1 “Scream joyfully, infertile one; who has never given birth! Bust out rejoicing and bellow, one who has not been pregnant! Because the abandoned woman’s children will be more than the children of a married woman,” says Yahveh. 2 “Widen the site for your tent, and let them spread out the tent curtains of your dwelling place. No need to spare; make your tent cords long and strengthen your pegs, 3 because you will spread out right and left. And your descendant will inherit nations, and they will inhabit cities that are now desolate. 4 No need to fear, because you will not be ashamed, and no need to be confused, because you will not feel embarrassed, because you will forget the shame of your youth, and you will no longer remember the disgrace of your widowhood. 5 Because your husbands are your maker, his name is Yahveh of armies; and your redeemer is the holy one of Israel, he is called the God of all of the land.
The story recorded in the book of Ruth was part of the literary heritage of Isaiah and the people of Jerusalem. Aspects of Isaiah’s message in this text reflect that story. Jerusalem felt barren like Naomi did, who lost both her husband, and her sons, the two other husbands in her family. She was left with nothing, and so encouraged her daughters-in-law to leave her and to try to find families elsewhere. But Ruth believed that Naomi’s God was not going to desert her. She held out hope and was committed to being faithful in spite of the dark circumstances all around her. Isaiah is thus challenging the Israelites to trust God the way that Moabite woman did.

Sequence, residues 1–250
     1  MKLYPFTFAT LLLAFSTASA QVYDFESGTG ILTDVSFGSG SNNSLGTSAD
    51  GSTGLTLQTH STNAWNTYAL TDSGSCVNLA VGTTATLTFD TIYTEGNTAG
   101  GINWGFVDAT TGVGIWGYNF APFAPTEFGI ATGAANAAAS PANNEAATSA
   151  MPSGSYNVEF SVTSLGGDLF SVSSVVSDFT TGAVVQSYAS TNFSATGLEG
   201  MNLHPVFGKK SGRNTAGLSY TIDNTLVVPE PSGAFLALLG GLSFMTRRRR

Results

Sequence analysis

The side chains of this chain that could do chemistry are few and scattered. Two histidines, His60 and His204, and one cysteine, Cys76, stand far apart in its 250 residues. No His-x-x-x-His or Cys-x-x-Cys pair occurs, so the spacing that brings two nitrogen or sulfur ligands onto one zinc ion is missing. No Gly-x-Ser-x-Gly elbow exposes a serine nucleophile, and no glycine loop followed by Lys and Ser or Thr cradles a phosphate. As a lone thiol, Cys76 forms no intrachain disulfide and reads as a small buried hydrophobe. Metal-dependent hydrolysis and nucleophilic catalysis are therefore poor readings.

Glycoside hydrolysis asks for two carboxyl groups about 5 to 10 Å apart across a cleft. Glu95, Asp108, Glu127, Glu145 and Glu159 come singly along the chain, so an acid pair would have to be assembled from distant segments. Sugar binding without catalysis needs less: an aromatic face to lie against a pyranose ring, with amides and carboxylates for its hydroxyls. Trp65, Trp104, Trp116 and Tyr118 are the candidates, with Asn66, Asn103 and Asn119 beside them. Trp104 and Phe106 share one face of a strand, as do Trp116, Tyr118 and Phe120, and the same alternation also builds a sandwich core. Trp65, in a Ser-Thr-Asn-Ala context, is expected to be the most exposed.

LORD, give us the vision and faithfulness to trust you as Ruth did – to accept you as our redeemer.